by David Cecelski
I spent this past weekend at a soccer tournament in Charlotte and did all my eating in the Latin American neighborhoods around South Boulevard. They were the closest places to get a bite between my son’s games and I couldn’t have been happier. Over the last 15 or 20 years, roughly 90,000 Latino immigrants have made Mecklenburg County their home and many of them have settled in that south/southeast corner of Charlotte. Along South Boulevard you’ll now find a host of purveyors of Latin American traditional cooking.
I bet that I saw 15 or 20 Latin American cafes, take-out stands, and markets just between Tyvola and Arrowhead Roads. Most are probably run by Mexican families, but I also saw a Dominican restaurant, Punta Cana (5230 South Blvd.), and several Salvadoran and Honduran cafes, including one called Restaurante Comalapa in a strip mall at 6117 South Boulevard.
I had a very fine breakfast at Comalapa this morning: eggs, sweet plantain, black beans, and fresh, home-made tortillas. The coffee was to die for, too—a strong, rich brew served with a generous portion of steamed milk that you stir into your cup at the table. And, while nobody there spoke English, they were very patient with my worse-than-halting Spanish.
I was at Comalapa too early to order the Sunday special, but I noticed that it was sopa de caracol, a conch stew for which Honduras’ Caribbean coast is renowned. The conch is cooked with cocoanut milk, simmered with yuca and green plantains, and seasoned with cilantro and spices. Made famous by a hit song performed by the Honduran punta-rock band Banda Blanca, the dish is unique to Honduras, I am told, which made its presence on South Boulevard even more fantastic.
There’s also a Salvadoran market, Más Por Menos (4805 South Blvd.), on that stretch of South Boulevard and, a little ways down the road, Romero’s Supermarket, which boasts that it carries products that come from Mexico all the way to Peru. The crowded little store has a butcher shop, bakery, and a taquería, and also carries groceries, movies, music, and other antidotes for homesickness from across Latin America.
Up the road, there is also a pair of Mexican bakeries, Panadería la Mexicana and Panadería and Pastelería Odalys, the latter, I’ve heard, a great place to buy pan de muerto, the traditional bread for Day of the Dead. Nearby, there’s alsoa butcher shop, Carnicería la Mexicana, seven or eight taquerías, and maybe a half-dozen take-out stands in parking lots. A lot of the take-out stands seem to be Central American.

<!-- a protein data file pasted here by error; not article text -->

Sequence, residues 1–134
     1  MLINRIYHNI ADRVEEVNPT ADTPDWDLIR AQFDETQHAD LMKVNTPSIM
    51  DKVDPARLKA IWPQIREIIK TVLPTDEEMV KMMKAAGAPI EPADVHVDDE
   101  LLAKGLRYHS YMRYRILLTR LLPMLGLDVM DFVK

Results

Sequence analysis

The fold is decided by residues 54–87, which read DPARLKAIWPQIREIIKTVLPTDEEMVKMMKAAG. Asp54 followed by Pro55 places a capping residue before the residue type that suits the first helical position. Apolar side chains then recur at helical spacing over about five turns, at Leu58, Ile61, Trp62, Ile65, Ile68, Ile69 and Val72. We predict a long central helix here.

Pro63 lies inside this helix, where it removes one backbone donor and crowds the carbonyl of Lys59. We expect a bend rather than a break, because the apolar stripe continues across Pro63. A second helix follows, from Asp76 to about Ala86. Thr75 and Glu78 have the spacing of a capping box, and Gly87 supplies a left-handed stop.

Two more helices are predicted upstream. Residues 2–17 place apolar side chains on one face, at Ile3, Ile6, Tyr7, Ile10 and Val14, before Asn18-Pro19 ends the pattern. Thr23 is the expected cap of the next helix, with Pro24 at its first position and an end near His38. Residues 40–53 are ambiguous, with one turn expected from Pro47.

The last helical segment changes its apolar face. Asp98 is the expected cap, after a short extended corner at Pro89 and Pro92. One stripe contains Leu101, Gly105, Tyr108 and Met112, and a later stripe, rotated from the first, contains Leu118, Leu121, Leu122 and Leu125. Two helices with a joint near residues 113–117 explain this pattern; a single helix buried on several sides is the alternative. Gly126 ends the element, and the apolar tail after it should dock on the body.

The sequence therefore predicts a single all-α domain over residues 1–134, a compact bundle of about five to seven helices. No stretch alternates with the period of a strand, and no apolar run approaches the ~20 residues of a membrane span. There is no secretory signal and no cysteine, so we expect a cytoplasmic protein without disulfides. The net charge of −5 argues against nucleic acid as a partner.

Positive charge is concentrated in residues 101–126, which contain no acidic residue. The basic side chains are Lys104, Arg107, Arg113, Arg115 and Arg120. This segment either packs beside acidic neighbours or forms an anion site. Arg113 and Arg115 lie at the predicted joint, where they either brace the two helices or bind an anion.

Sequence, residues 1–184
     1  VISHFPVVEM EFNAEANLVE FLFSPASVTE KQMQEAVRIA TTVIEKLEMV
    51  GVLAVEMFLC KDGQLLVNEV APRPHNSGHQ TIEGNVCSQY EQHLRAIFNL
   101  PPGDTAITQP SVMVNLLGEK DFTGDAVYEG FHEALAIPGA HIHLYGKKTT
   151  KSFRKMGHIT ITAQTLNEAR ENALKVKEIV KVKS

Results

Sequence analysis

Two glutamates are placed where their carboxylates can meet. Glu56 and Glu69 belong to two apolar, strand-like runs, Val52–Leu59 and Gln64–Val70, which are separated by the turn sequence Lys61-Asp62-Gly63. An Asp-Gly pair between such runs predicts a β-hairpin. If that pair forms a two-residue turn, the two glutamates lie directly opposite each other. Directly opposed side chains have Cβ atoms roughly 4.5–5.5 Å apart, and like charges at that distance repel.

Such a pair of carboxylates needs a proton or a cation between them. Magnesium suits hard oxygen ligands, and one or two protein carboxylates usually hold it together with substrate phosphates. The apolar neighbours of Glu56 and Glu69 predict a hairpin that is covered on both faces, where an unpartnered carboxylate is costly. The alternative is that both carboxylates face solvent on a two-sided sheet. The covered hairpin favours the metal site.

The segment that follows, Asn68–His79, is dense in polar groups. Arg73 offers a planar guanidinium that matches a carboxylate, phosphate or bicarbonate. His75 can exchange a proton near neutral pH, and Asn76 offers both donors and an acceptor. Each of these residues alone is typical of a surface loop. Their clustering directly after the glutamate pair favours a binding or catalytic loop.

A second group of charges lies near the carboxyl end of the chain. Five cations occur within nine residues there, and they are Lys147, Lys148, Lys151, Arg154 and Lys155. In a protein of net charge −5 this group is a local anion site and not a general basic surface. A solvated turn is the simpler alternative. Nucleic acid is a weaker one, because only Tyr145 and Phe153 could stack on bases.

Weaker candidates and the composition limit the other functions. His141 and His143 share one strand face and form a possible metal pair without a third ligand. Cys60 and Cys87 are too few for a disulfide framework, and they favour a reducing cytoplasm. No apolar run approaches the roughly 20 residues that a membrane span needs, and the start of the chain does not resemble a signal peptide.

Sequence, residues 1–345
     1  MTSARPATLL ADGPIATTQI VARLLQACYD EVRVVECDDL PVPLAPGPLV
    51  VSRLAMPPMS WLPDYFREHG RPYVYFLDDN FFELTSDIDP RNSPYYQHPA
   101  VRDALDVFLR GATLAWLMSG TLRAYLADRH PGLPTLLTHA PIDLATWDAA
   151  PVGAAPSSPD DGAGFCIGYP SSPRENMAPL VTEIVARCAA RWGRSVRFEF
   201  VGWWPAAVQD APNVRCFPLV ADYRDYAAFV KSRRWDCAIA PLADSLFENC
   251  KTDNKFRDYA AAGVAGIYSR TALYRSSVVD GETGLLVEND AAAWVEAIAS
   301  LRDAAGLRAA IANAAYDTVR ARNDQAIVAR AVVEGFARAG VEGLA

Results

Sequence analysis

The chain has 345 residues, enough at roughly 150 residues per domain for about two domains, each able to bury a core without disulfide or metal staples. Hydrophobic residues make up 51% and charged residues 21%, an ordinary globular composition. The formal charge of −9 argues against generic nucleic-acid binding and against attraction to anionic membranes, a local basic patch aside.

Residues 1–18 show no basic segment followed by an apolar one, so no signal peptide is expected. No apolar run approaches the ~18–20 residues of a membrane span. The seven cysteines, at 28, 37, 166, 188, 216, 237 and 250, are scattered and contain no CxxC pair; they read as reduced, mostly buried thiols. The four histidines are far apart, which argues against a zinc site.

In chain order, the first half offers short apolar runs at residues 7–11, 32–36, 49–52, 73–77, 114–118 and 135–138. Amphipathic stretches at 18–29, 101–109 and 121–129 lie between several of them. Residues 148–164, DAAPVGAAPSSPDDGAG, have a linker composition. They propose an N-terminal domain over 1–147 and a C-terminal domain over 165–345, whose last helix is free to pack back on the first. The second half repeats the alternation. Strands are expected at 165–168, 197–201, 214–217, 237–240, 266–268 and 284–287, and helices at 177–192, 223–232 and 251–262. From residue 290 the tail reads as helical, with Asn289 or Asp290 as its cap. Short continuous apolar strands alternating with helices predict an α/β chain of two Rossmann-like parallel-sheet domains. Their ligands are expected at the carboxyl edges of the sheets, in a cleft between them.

One of my favorite places on South Boulevard is a Colombian restaurant and bakery called Delicias Colombianas. It’s in a little strip mall at 212 N. Polk Street, near the intersection with Highway 51—South Boulevard becomes Polk Street when you leave Charlotte and enter the Pineville town limits.
When I was there, this little café was full of Colombian families. Some were having big mid-day meals, others were having a traditional Colombian breakfast plate for supper (desayuno antioqueño), and others were just passing the time nibbling on sweet round little cakes calledbuñuelos and drinking steaming hot cups of hot chocolate.
I had never had Colombian food before, so everything was new and interesting to me. The bread counter was full of pandebono, which, I was told, is a very typical Colombian round bread stuffed with white cheese. A little hot-food counter to the left of the cashier was full ofaborrajado (deep-fried plantains stuffed with cheese) and cornmealempanadas, thin-crusted pockets filled with meat and herbs and usually served with salsa picante. I settled on an arepa de choco, a very tasty griddled corn cake made with fresh corn and served warm with a white cheese.
Another highlight of my trips from the soccer fields to South Boulevard was a little Honduran take-out stand called La Palma. It’s actually a few blocks off the boulevard, behind a gas station at the corner of Arrowhead and Tyvola Road. One day, I had a very tasty chicken and plantain stew there, as well as a very good tamale unlike any that I had before.
Apparently, traditional Honduran tamales are made with cornmeal (maseca, usually, a cornmeal dough mix) and pork and/or chicken, like other tamales I’ve had. But they also have potatoes, peas, onions, and sometimes other vegetables in them, maybe rice, and, in their classic rendition, they’re usually flavored with fresh cilantro and cumin. Wrapped in a banana leaf and steamed, La Palma’s tamales were delicious.
I also tried La Palma’s menudo, the classic Mexican tripe stew. This was a menudo rojo served with onion, fresh cilantro, and lime, and the broth looked out of this world. I’ve never really developed a taste formenudo though, and I’m afraid La Palma’s didn’t convert me either. Everybody else in the parking lot was having a bowl and they looked really happy though, so I figure menudo is an acquired taste.
For me the real treat at La Palma was a dish called plátano relleno. It’s a Honduran specialty: two whole, sweet plantains fried until golden brown, slit and over-filled with beef picadillo, and sprinkled with white cheese and baked. I love fried plantain and La Palma’s rendition of this dish was just the ultimate comfort food for me. I know that’s a strange thing to say for a boy who never saw a plantain or a soccer ball in all the years that I was growing up in eastern North Carolina. The meaning of home is always changing though, and there I was this weekend, watching soccer and feasting on Latin American dishes from morning until night.
photos by David Cecelski